Nokia's Z Launcher is a bit different. Instead of a customizable homescreen where you place your app icons, it chooses them based on the ones you often open and you're most likely to need right now. Essentially, it adapts to your context. It has a few more tricks too, like scribbling the names of apps, contacts, and websites to launch them directly. In its new update, this scribble function is about to get a little more powerful.
Scribbling now supports synonyms, so you can launch music apps by simply writing music. Spotify, Pandora, and even YouTube should appear in the list of options.
The Google app is an interesting beast within the Android Ecosystem. It provides speech recognition, Google Now, multiple APIs, and even a launcher. Next to Google Play Services, the Google app is by far the most multi-faceted apk most of us have on our phones and tablets. The latest couple of updates teased users of the Android M Developer Preview 3 with brief access to Now On Tap before it was quickly taken away with a promise that it was still "coming soon". There were also a few other smaller details waiting to be found in a teardown, including the likely return of rotation support on the Google Now Launcher and some more forward motion for offline voice commands.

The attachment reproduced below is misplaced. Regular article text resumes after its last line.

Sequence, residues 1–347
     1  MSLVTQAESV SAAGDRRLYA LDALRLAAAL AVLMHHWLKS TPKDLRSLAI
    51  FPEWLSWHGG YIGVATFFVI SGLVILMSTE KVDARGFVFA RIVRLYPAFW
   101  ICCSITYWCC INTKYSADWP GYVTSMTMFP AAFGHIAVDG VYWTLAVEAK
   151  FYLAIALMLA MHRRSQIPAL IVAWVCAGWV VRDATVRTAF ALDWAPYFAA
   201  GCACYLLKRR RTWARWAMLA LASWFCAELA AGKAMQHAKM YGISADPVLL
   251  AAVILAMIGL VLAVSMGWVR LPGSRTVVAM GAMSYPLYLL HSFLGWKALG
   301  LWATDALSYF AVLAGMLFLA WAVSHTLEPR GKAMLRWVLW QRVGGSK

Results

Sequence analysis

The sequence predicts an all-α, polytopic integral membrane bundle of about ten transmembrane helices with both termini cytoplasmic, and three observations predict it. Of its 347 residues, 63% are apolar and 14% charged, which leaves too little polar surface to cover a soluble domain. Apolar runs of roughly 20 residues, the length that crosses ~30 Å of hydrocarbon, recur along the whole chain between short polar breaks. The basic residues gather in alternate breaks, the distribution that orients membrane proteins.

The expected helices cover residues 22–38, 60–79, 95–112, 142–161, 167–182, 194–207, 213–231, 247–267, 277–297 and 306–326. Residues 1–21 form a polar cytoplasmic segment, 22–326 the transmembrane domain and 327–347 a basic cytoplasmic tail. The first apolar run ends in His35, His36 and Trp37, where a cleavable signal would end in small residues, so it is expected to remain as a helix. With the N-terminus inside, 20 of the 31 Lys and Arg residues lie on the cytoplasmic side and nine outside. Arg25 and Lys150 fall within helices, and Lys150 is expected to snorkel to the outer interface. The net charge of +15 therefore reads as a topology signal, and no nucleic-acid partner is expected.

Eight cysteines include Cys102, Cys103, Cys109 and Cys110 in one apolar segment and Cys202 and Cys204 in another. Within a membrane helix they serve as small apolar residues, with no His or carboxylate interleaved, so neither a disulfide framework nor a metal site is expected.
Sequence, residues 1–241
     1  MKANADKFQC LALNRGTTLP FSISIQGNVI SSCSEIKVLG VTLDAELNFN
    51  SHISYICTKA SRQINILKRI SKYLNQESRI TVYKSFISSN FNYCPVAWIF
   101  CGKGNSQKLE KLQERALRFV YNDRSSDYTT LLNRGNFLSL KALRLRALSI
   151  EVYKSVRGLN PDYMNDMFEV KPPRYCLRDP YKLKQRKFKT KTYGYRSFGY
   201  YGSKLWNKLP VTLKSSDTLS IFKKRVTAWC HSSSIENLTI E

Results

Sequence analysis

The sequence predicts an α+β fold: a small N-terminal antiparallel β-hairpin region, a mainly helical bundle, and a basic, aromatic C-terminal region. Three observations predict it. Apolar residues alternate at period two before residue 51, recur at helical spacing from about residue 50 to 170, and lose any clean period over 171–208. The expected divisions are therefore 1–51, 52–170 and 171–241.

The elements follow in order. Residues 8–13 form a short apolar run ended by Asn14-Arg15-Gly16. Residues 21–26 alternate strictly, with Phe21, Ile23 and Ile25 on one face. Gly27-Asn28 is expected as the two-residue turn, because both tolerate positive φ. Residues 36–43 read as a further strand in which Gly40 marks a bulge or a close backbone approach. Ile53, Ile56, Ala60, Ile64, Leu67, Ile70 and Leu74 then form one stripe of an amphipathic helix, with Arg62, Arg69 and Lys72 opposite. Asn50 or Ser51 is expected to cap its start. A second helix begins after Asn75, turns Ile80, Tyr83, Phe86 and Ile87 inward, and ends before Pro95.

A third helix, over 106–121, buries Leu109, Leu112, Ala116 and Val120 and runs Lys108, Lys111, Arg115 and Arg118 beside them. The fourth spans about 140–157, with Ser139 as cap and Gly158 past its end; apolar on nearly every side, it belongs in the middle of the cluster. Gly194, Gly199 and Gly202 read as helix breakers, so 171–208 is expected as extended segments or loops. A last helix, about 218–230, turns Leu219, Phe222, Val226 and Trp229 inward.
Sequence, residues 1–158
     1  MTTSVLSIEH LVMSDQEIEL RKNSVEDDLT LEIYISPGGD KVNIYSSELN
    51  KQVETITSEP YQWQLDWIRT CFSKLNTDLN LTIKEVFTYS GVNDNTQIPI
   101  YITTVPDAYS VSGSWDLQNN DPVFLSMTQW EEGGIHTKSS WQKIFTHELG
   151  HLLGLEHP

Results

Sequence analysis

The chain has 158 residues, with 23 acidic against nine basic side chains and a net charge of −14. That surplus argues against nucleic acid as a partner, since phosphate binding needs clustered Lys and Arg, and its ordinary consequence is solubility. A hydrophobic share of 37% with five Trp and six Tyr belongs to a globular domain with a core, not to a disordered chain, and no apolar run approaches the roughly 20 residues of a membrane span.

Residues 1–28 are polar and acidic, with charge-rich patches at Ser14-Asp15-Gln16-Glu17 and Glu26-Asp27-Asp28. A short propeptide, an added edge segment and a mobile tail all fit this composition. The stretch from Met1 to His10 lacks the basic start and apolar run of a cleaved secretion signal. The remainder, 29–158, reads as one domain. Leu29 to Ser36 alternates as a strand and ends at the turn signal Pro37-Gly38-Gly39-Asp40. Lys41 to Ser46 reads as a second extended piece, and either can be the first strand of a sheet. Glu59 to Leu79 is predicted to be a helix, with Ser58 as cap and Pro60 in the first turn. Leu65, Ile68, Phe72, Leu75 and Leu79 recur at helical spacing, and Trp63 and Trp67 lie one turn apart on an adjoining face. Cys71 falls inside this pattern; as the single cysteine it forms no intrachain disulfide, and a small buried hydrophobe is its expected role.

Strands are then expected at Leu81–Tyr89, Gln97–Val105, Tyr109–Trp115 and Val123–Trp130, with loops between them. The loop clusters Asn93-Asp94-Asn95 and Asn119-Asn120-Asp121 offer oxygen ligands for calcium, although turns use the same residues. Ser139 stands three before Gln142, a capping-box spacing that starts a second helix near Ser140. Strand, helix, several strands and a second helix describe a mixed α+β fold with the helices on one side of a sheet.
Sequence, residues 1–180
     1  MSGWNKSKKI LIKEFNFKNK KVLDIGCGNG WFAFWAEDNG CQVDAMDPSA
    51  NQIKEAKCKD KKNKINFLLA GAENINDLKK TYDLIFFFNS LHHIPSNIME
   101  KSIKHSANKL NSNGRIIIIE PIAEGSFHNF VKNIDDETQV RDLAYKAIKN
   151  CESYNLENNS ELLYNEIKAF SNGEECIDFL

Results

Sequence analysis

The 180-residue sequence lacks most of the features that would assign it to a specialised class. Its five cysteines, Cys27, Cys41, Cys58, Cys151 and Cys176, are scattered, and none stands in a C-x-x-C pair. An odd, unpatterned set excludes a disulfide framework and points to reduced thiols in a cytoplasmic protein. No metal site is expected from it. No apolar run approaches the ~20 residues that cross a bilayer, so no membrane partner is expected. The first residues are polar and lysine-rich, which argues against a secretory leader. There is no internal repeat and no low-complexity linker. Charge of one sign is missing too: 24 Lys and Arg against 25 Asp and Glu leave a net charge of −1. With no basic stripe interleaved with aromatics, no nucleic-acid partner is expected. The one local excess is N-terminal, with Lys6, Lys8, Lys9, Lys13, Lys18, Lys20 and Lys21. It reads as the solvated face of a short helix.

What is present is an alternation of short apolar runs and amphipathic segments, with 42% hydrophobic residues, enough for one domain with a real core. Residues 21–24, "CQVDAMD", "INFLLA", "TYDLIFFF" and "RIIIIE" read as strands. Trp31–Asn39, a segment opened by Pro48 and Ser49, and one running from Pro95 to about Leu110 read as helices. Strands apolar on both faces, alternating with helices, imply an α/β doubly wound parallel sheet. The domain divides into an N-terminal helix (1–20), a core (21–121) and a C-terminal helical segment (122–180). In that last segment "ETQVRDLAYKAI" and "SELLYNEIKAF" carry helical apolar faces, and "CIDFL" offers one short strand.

The last time we asked the custom launcher question was, surprisingly, over two years ago. Among "yes," "I have used one but don't anymore," and "no, and I have never used one," the results were 67%, 25%, and 7%, respectively. So, let's see what those numbers look like now that some more time has passed.
I personally install the Google Now Launcher on pretty much any phone that comes across my desk, because I just like the consistency and simplicity. While I definitely understand the appeal of, say, Nova Launcher, I just don't spend much time manicuring and perfecting my homescreens.
Android users in general like widgets. Android "advocates" (which I suppose includes all of us here at Android Police) remember when it was one of the biggest differentiators between Google's mobile operating system and iOS, back when people were trying to convince us that we didn't really need copy and paste support. So when Nokia's Z Launcher homescreen replacement app launched without widgets, a considerable number of users couldn't switch over because of this lack.